Choose: Chapter 5

CHAPTER 5
I can’t sleep. After the memorial, I lay in my bed. My bed feels like rocks, so I go to my computer and immediately go to Facebook. I knew Jerrod. Everyone had given up on me back then, everyone had run but for three months he had been my only friend. He had been so strange. His parents are hippies….all into that peace, love stuff. I write Jerrod’s name in the search box and his page pops up, clicking on it, I’m suddenly mesmerized. His page is public. He’s smiling in his profile picture, holding a fish, wearing an L.A. Kings hat. He’s on a boat, the blue sky and dark blue water behind him. He looks so normal. He’s wearing a Grateful Dead t-shirt. I click on the pictures and go through them. There he is. There he is during the holidays. There he is at a birthday party. There he is. Smiling, laughing, playing. I keep scrolling down until I see one with a picture of someone familiar. Me. I click on it. We were fifteen. I remember this. Who had taken this? We were at the park. I am clutching to a bottle of Jack Daniels. He’s laughing, has his arm around me. I try so desperately to remember. Did we talk about things? Did he mention that in two years he was going to kill people? No. No. I know as well as he did that our conversations never revolved around him. They were about me. Every conversation about me. Maybe I should have asked him a few questions.
I stare at my phone as it suddenly lights up, with Brittany’s name flashing on the screen. I reach for it and stare at the text: “please come outside”. I walk toward my window and peer down to see Brittany standing below my window staring across the street at the Rodgers’ house. I walk out of my room.
Opening my front door, Brittany turns and looks at me. My stomach flips. She was a person of interest. That’s what they say. That’s what the reporters had said. She looks so sad, so depressed. I walk toward her as she turns back to stare at the Rodgers house. We sit side by side on the porch, not saying much, still watching their home. My eyes land on that stupid rainbow-colored fence.
“I didn’t do anything,” Brittany says.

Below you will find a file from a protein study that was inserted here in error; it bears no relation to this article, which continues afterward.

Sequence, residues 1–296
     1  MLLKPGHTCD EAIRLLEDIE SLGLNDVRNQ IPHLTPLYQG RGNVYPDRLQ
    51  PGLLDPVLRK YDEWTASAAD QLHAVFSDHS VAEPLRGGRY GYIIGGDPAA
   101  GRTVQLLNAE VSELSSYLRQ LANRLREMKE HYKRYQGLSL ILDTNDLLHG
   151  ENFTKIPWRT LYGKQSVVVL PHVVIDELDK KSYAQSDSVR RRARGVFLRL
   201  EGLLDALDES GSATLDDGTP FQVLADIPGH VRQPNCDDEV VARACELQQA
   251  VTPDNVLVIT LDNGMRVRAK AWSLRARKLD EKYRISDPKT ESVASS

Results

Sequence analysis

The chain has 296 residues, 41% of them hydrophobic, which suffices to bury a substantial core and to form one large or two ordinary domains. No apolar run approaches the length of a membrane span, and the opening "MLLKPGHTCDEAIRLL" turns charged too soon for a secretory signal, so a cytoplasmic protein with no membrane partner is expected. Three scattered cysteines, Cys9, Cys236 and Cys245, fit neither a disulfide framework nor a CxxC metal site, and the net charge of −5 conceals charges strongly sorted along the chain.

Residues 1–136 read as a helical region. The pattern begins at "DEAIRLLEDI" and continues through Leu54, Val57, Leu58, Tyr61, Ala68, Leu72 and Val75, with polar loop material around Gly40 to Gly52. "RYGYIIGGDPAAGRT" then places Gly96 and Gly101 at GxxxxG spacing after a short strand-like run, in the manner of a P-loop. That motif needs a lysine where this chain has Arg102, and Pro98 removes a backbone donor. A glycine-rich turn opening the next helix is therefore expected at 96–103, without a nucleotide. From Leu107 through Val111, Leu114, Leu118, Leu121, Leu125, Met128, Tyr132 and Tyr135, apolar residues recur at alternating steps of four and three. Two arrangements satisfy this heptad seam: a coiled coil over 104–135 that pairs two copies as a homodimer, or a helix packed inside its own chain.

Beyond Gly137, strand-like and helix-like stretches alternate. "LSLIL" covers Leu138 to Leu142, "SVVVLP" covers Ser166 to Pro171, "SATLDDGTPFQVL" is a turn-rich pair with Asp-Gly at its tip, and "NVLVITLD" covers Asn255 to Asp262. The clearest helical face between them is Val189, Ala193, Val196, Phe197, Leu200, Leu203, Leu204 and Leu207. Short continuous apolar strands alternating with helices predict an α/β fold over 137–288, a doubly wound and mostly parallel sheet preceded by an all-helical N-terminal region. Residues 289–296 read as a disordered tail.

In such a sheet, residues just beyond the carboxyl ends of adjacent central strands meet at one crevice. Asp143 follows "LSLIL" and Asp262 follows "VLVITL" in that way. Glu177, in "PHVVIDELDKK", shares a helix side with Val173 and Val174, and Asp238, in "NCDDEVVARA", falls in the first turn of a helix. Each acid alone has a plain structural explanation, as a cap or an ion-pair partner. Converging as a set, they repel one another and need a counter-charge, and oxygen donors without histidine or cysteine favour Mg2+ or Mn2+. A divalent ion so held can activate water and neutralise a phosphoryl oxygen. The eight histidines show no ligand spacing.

“Where were you yesterday?”
“I don’t…I didn’t know anything. I didn’t do anything. I just saw them at dinner. Just…I didn’t….I ran. I didn’t do anything.”

Her voice is shaking as her eyes glisten even in the darkness. Brittany is stunning, one of those beautiful girls that guys want to be around and girls want to be her best friend. I always wanted to be her friend. Her eyes are the exact same shape as almonds and perfectly brown, her hair perfectly long and falls from her head like a silky black sheet. Up until twenty-four hours ago, Brittany seemed absolutely perfect.
“You know what someone said to me at the memorial tonight? Someone said, I thought you Asian chicks were supposed to be smart? I—I tried to say something but then they said, ‘I guess there’s a retard in every bunch.’”
“Brit…”
“I didn’t know anything. I didn’t…I really didn’t do anything. I miss Zoey.”
“Me too.”
“I tried to watch Friends to cheer myself up,” Brittany says.
“And?” I ask, smiling a little. My first time smiling in a while.
“It failed. They hate me too.” We both suddenly clap that signature four clap that’s in the beginning of every episode. It’s a small moment, a moment where we actually laugh. We fall silent once again.
“What about you?” Brittany asks.
“What about me?”
“Do you hate me?”
“No.”
“You don’t?”
I shake my head. I can’t hate her. I need her. I’m angry, mad, and I lost one best friend, I’m not ready to lose two.
“Thanks.”